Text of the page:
Raff: Symphonies 8 - 11

Raff: Symphonies 8 - 11 "Four Seasons"

by Philharmonia HungaricaPhilharmonia Hungarica


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Product Details

Release Date: 06/15/2004
Label: Cpo Records
UPC: 0761203953622
catalogNumber: 999536
Rank: 236150


  1. Symphony No.8 in A major "Frülingsklange" Op.205
  2. Symphony No.10 in F minor "In Autumn" Op.213
  3. Symphony No.9 in E major "In Summer" Op.208
  4. Symphony No.11 in A minor "Der Winter" Op.214 "Der Winter"

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Raff: Symphonies 8 - 11 "Four Seasons" 5 out of 5 based on 0 ratings. 2 reviews.
Guest More than 1 year ago
While enjoying Raff's "Spring" Symphony No. 8 in A major, I keep reflecting on the mystery of how a professional critic could regard this music as dull. The scherzo second movement is one of the least dull pieces I know. I am willing to admit that the third movement is slow and clearly slow is slower than quick. But then all symphonies have slow movements. I also concede that Raff's symphony lacks surprises. He had better things to do than dispense obvious surprises to jaded tastes. He has chosen instead to offend our sensibilities with beauty. How perverse of him! If I could play the recording backward, I might discover the secret of its inaudible "dullness." Unfortunately my equipment is incapable of this feat so to stay in the mode I have to take on faith the premise that idealistic, serene, optimistic beauty is dull. The recording includes three additional symphonies, giving me added opportunities to discover the elusive dullness. It's got to be in there somewhere. Here I'm completely at a loss, however, because Raff has cheated by composing all three of these symphonies in minor keys, feeding my visceral love of minor key music, no matter how "dull." The instant I hear the minor key stirrings at the start of the F minor "Autumn" Symphony No. 10, I am so hypnotised that I cannot listen to reason and cry "dull" even if I wanted to. We can argue, perhaps, that the "Allegro moderato" of the first movement aims at beauty rather than dramatic thrills and chills but we have already made that point. In short Raff sounds serenely Alpine rather than stylishly hideous. I can remember more agitated sounds from the street folk at 3:00 a. m. during a bus ride through Newark in the mid-1960s. The scherzo second movement of "Autumn" is so appealing that I abandon the search for "dullness" to finer sensibilities. Perhaps we can agree that the Alps just sit there, no matter what the season.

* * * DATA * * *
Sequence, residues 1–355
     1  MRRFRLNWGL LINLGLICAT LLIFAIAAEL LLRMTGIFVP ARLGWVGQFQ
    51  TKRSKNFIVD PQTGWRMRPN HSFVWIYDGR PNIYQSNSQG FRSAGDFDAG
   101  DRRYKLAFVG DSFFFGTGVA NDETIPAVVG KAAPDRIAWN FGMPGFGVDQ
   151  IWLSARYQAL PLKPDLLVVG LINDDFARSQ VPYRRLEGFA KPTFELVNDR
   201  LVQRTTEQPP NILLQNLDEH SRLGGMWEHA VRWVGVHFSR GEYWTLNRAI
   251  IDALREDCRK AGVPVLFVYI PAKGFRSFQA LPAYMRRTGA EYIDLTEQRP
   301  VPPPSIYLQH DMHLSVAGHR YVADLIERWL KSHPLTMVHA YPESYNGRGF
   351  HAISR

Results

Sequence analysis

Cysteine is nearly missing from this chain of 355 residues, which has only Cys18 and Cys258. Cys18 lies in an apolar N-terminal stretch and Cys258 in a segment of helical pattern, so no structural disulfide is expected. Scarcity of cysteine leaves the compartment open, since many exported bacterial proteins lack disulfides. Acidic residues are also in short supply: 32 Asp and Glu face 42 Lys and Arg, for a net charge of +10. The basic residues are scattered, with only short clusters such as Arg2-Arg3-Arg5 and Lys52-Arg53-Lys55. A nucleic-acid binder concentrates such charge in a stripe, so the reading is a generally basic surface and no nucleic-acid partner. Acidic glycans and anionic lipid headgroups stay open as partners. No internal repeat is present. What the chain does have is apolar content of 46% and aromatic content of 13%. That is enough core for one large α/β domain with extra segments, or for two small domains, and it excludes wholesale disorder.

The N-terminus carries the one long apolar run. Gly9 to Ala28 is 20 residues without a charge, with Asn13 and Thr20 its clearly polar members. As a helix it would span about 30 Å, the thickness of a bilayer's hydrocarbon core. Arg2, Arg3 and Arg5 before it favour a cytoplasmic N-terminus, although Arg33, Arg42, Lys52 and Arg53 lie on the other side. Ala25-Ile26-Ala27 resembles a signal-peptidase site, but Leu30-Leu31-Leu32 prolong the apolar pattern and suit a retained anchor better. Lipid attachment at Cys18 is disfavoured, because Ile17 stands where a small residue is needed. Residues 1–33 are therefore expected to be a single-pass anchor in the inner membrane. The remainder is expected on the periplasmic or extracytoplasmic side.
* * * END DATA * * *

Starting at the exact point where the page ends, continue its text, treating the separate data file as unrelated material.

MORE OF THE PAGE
Guest More than 1 year ago
I heartily recommend this recording, especially to anyone who appreciates delicate precision in symphonic writing. Raff titled the opening symphony "Fruhlingsklange," "Spring Noises." The same root word "Klange" appears in Liszt's symphonic poem "Festklange," "Festive Noises." The style of Raff's first movement reminds me of "Festklange"-- a similar giddy outpouring of a disciplined German type. Because Raff worked closely with Liszt on his symphonic poems, there must be a connection. Both pieces exhibit a spirit something like Brahms' Academic Festival Overture. If these works are played in succession, I notice the similarity but also the differences in stylistic temperament: Brahms' Beethovenian sound of striving effort, Liszt's theatrical sense of drama and Raff's more delicate approach. Add Schumann and Mendelssohn and we have the heart of German Romanticism. I especially admire the third selection "Im Sommer" despite the rather light-weight nature of this music with an opening movement in 3/4 time. Although Beethoven, Brahms and Bruckner aim higher, I find this music in the same league with symphonists Schubert, Mendelssohn, Schumann, Dvorak and Tchaikovsky. Somebody has written a book on Raff the "greatest unsung composer" and he isn't kidding.